Reading Diversity

As you load up your book bags and reading devices for the holiday weekend, remember this also a good time to explore titles to nominate for LibraryReads.

My own resolution is to read upcoming books that fall under the awkward and difficult-to-define term “diversity.” I want to hear new voices and read about cultures I’m not familiar with. As a resource, we’ve created EarlyWord “Diverse Titles for LibraryReads Consideration,” drawn from several sources, including GalleyChats and titles being featured at the upcoming Book Expo and ALA Annual.

We’ve included notes to help you find titles you may want to try. Below are some I’ve loaded onto my Nook (or will, as soon as I get around the pesky authentication issue):

Dawson, Erica, When Rap Spoke Straight to God

This will definitely take me outside of my own reading predilections. It’s a book-length poem, something I wouldn’t read unless I was led to it, which Jennifer Egan did by picking it as a book she is excited about in an interview with New York.

Zoboi, Ibi, Pride

As one of the few librarians who is not a fan of Jane Austen (sorry, so many shameful admissions in a single post), a book based on Pride and Prejudice would not grab me. This one is different, however. The story of a black family dealing with gentrification in present day Brooklyn, the opening line sells it, “It is a truth universally acknowledged that when white people move into a neighborhood that’s already been a little bit broken and a little bit forgotten, the first thing they want to do is clean it up.” As I sit here in Brooklyn, listening to the sounds of dozens of new buildings under construction and old ones under renovation, this appeals to me. In addition, the author’s previous book, American Street, was a 2017 National Book Award finalist in Young People’s Literature.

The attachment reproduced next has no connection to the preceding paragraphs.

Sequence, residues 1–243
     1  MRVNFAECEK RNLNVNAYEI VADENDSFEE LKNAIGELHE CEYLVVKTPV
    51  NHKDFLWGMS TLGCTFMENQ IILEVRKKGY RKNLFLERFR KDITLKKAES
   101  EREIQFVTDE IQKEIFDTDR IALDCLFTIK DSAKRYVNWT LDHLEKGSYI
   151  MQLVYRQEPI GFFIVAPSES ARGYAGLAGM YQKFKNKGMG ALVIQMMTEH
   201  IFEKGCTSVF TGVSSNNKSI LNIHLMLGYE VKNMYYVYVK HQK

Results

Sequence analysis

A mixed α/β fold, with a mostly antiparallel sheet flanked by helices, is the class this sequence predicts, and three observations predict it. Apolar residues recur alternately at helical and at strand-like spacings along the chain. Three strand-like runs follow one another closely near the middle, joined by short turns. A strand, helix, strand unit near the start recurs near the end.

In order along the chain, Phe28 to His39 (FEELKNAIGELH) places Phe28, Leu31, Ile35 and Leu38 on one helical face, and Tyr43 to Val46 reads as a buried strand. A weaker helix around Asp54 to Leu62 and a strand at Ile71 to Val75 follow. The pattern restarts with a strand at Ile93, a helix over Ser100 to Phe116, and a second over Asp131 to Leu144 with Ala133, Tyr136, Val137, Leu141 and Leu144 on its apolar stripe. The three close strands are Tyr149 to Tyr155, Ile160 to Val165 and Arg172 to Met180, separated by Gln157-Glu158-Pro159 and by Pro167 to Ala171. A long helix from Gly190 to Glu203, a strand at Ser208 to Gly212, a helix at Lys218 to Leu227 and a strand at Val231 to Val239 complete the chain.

Publishers Marketplace, Book Buzz Fall/Winter 2018

While I’m trying to figure out how to get DRCs on to my Nook, this serves as a partial solution because it downloads easily from the B&N site. While excerpts can be frustrating, those from short story collections are complete stories, so they are more satisfying.  I was intrigued by the collection Friday Black by a student of George Saunders, Nana Kwame Adjei-Brenyah. The title story takes the idea of Black Friday madness to a new, surreal level.

What are you reading? Have you identified any titles not on our list? Let us know in the comments section, below.

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